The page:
EDITOR’S NOTE: For everyone who’s wished they had advance alert of an upcoming meteor shower/eclipse/etc. – and/or wondered “What’s that bright ‘star’ up there?” – this is for you; West Seattle’s own Solar System Ambassador Alice Enevoldsen, famous for her solstice/equinox sunset watches among other things, has offered to write periodic “Skies Over West Seattle” previews. Here’s the first!
By Alice Enevoldsen
Special to West Seattle Blog
Even with our cloudy skies and immense light pollution, there is hope for skygazing in West Seattle. As with everything, what you need is to be ready to take advantage of opportunities when they arise. I’m here to offer some suggestions for what to do with those opportunities.
The easy part is to not forget to look up. It is easy for us to bend our heads towards the ground all the time: reading our phones, the news, and watching to make sure we don’t step in puddles. When you get out of the car or off the bus, take a second to turn your face up to the sky. Just before you go to bed, as you’re locking up, glance out the window, or step out for a moment, and see what’s up there.
Beyond that, the winter skies can be truly beautiful. There are many extremely bright stars, and recognizable constellations like Orion are high in the sky and up most of the night. The cold air of winter is also more still than the warm, roiling air of summer. This makes the stars appear more crisp. In astronomical parlance this is called “good seeing.” When it is clear out these situations together make the night sky breathtaking, even from the city.
Hey! What’s That?
Did you see something bright last night, and wonder what it was? It’s either Jupiter or the brightest star in the night sky: Sirius.
If what you’re seeing is low to the horizon and twinkling like crazy, it’s probably Sirius. Sirius sparkles so much in our night skies that at times it almost looks like it is blinking between colors: red, blue, white, and even green. It is often mistaken for an airplane or a UFO.
If the object you’re seeing is high in the sky, very bright and steady then you’re seeing Jupiter. Jupiter won’t twinkle at all, because planets don’t twinkle and stars do. Jupiter is just a short way East of Orion, between the constellation of Taurus and the Pleiades. Next time you notice it, grab a pair of binoculars. You can hold them still on the top of your car or a porch railing. If you hold steady enough you’ll be able to make out Jupiter’s four largest moons in a line to either side of the planet itself.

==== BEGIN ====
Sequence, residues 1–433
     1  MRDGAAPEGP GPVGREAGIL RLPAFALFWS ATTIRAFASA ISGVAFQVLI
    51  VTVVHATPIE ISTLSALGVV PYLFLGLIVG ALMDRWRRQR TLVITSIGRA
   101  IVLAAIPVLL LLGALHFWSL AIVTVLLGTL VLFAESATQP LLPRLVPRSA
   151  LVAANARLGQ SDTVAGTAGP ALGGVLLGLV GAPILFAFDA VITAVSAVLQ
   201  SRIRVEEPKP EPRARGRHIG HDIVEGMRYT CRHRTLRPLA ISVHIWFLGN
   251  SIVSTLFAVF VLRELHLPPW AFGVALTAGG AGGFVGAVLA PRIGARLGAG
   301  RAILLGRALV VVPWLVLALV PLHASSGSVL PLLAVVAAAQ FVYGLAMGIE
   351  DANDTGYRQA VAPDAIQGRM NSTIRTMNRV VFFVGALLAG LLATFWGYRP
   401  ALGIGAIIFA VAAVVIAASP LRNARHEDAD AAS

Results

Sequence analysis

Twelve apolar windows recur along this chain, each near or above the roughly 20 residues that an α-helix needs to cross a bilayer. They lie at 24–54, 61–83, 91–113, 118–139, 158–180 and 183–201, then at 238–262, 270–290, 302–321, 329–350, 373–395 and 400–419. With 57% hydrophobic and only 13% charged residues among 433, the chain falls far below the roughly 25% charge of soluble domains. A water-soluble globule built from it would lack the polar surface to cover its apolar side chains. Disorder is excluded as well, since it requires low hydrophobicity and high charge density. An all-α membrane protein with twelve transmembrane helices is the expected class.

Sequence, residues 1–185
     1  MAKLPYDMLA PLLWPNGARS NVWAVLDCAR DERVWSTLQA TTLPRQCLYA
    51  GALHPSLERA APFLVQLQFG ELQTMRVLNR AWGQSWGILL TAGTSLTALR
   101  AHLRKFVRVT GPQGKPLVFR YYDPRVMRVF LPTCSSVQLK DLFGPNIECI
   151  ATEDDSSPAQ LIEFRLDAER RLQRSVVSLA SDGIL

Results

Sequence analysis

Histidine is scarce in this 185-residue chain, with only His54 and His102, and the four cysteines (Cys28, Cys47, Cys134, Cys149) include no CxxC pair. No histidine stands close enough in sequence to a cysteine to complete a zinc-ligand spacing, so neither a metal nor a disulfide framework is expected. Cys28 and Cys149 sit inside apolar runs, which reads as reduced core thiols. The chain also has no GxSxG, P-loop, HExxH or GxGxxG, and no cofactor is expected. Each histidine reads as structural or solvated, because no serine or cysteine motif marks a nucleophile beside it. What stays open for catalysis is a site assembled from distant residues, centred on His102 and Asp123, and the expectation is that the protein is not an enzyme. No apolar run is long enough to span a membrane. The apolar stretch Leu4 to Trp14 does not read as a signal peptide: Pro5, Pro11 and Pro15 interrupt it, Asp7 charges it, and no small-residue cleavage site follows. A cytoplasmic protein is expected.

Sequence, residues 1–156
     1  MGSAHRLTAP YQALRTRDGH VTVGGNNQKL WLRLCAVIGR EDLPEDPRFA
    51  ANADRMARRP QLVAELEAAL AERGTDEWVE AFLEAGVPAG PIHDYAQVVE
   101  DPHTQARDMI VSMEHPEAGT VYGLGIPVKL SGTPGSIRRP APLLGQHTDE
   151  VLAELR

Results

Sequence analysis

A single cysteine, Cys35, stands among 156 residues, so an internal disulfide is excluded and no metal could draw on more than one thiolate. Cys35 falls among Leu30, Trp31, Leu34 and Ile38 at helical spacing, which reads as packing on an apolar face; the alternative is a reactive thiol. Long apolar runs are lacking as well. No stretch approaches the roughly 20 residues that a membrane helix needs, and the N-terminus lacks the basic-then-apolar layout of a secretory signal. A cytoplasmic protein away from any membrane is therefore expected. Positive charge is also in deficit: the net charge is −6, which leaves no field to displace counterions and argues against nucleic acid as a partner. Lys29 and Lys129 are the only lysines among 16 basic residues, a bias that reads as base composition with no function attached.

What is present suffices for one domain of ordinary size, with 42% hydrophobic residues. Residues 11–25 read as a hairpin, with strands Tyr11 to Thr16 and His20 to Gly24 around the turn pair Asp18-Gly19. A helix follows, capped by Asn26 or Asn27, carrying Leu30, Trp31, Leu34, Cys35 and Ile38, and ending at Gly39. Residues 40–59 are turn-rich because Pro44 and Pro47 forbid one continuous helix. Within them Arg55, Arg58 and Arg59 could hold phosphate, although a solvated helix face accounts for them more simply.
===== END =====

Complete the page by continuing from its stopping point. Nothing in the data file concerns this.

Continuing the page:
February 3, Last Quarter: The last quarter moon (would have been, if clearer) visible in the morning sky, rising around 1:00 am and setting about 11:00 am.
February 10, New Moon: The new moon is when you won’t see the Moon at all.
February 17, First Quarter: The first quarter moon is ideal for evening and daytime observation. You’ll see it rising around 10:30am and setting near 2:00am. With a telescope or binoculars you can see plenty of detail without straining your eyes.
February 25, Full Moon: The full Moon is a prime opportunity to see the rays radiating from the large crater Tycho visible at the southern pole, as well as the best time to view the Moon with just your eyes. These rays are lighter, almost white, bands of material that splashed out when the crater was formed. The full Moon rises at sunset, and sets at sunrise.
(9/2/2012 Crater Rays from Tycho, photograph by Jason Gift Enevoldsen)
The Big Dipper
The Big Dipper is almost vertical in the early evening sky this time of year. This is an asterism (an unofficial constellation) that many of you will be familiar with, but you probably picture it horizontal. This time of year you’ll see it “handle-side-down” just to the East of North after sunset as the sky begins to get darker.
The Pleiades are one of my favorite deep sky objects. They are visible much of the year, but in the winter evenings they are near the zenith. You’ll notice them as a tiny group of stars. Some people even call them a mini Big Dipper because the stars make the same pattern as the Big Dipper in miniature. The best thing about the Pleiades is that they’re fun to see with just your eyes, with binoculars, or with a telescope. Depending on the technology you’re using you’ll see different numbers of stars in this open cluster. How many can you see tonight? What about tomorrow? Depending on the “seeing” and your own vision you’ll also see a different number of stars.
Asteroid 2012 DA 14
Asteroid 2012 DA 14 (isn’t that a catchy name?) is going to fly past the Earth on February 15th. It will pass quite closely, but it will miss us. Unfortunately, it will be too dim to see without a telescope, and it will be moving too quickly for most home telescope users to be able to follow.
Next month, pay attention to news articles about Comet PANSTARRS and the spring equinox on March 20, 2013.
Stellarium: free planetarium software for your home computer. Bring up the sky for anywhere in the world, any time and date in history or the future.
Clear Sky Chart: the astronomer’s forecast for the next couple days. Cloudcover, darkness, and “seeing” which is how nice it is to view the stars, all on one handy chart. http://cleardarksky.com/c/Seattlekey.html
USNO: Dates and times of astronomical happenings. http://aa.usno.navy.mil/data/
Who is Alice?
Alice is many things and works and volunteers for a few different notable organizations, but the suggestions and opinions put forth in this article are her own and no-one else’s. You can find more about astronomy at www.alicesastroinfo.com.
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